So back to weaving and…well weaving. I’m planning on heading out to the woods in the morning and with the rain my blanket coats are looking way sweeter right now.

Tuesday, September 13, 2011

Silver Heels sounds so much better then "Mohawk Bob"...At the Eastern Door review

Ward Oles Silver for Colonial Williamsburg...I need to place that order for myself

Burl Bowl carved by Ward....check the thickness...not a mini dugout canoe corn tray

Ward at Dixon's gun fair....he should be rockin a mullet
Part of my stash of Ward stuff...bells, thimbles,hair tubes, Pipes...My better half hates to see stuff in the mail from New mexico

So it seems for the time the floods and earth quakes have stopped. But the steelers lost to the ravens and thats worse than all the plagues of Egypt...I love football season...It means, well football to watch, but it also means actual sanctioned hunting seasons are just around the corner. Also I use Sunday football as an excuse to work on stuff for myself (i.e. things I tell myself I'm going to keep and never sell but always do) So this season my goals are a new tumpline, a copy of the Caldwell bead strap and the caldwell Net sash (started it during the ravens game glad its tied to a weaving stand that way i dont have to walk far to pick it up when i throw it.) I'm kinda on a caldwell kick for reasons that will manifest later (no Alec I'm not trying to steal your Caldwell garters)
SO since I feel like keeping it light today (i.e. not keep the long knife ball going for a minute...) I thought I'd post a product review/interview with Ward Oles of "AT the Eastern Door". As well as few Tid bits I've come across in the past few days that don’t quite fit an entire post.
I've known Ward for a long time (dam we're getting old) so in all fairness this isn't an objective review. Lucky for me He doesnt make historical weirdness so this is easy. Personaly what I like about dealing with Ward is the fact he's not making the same standard gear all the time. Trade silver, brass thimbles, pins, pipes, Sleeve buttons (cuff links), War clubs...Lol the list goes on and on. Any of the details that really make a person’s impression stand out in my opinion Ward does a great job of nailing down. Plus he's really good at dealing with the late night text message from a blurry eyed friend who suddenly has decided he needs a dozen thimbles (i think that only works if he's stayed with your very understanding family) So here is the interview:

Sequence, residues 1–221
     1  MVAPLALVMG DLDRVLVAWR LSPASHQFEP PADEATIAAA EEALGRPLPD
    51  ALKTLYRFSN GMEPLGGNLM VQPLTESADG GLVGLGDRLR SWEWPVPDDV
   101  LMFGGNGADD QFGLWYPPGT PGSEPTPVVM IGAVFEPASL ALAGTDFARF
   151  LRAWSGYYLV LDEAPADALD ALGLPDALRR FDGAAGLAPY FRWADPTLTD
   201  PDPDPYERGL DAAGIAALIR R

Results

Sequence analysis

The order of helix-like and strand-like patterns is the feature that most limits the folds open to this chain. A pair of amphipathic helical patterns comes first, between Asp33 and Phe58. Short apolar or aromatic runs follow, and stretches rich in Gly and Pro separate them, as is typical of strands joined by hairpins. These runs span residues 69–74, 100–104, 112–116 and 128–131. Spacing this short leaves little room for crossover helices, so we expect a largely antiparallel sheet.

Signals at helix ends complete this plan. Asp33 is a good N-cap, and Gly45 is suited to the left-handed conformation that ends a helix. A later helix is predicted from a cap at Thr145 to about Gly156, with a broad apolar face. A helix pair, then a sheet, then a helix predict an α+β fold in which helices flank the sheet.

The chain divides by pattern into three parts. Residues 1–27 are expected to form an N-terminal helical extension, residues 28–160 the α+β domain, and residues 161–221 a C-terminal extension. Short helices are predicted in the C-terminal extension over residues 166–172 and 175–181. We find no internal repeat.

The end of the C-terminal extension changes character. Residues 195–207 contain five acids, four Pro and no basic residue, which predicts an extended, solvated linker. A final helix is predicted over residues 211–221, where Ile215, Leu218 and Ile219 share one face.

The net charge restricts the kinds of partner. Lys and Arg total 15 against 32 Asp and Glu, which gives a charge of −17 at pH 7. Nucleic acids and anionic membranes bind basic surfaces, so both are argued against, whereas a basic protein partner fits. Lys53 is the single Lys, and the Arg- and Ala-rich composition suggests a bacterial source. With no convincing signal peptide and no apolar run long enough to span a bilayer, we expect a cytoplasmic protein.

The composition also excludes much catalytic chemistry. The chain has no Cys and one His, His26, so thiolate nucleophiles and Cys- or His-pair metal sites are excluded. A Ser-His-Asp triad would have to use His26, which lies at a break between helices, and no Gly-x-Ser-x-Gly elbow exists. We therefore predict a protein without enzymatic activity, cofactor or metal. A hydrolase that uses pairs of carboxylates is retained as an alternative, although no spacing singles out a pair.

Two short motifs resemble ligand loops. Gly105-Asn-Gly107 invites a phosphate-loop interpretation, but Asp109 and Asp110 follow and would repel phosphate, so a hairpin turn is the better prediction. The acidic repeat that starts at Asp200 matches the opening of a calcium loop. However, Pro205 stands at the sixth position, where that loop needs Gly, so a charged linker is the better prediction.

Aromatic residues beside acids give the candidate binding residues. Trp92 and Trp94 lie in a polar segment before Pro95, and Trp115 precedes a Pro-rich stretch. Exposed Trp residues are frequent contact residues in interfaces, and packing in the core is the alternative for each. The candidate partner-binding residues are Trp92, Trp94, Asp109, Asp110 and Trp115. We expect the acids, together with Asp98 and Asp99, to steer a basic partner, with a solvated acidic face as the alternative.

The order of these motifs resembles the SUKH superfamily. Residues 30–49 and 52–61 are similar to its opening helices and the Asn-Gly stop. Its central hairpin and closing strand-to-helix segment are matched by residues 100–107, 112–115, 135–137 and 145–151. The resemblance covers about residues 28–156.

So when we met you had a pretty killer mullet, any chance you’re going to grow it back?

Yep, you are right! I had a "mullet" and my kit was horrible by current standards, actually, by any standards....and no, the mullet ran away.

Runaway Ad: May, 10th 1996
Harold "Harry" Mullet, formerly employed as a sweat mop, ran away this very day, taking with him a copper gorget, oversized striped shirt of green and yellow linen, a pair of commercially tanned leather leggings bound in red felt, and a 2nd land pattern British musket. When found, he is to be shot on sight and a bounty of 25 cents will be paid for doing so, as I do not care whether he is returned or not.

What got you started in this crazy weird world of history?

Short version?.....I've had a love for history most of my life. As a small child traveling with my family to historic sites from Ticonderoga to Valley Forge, I listened to my Grandmother tell stories of my mother's side of the family and their participation in the Rev War....then at 21, I dove head first into this crazy world of reenacting at F&I Fort Ti the year before I met you at Fort Frederick.

SO can you describe the research process you use when your thinking of making an item?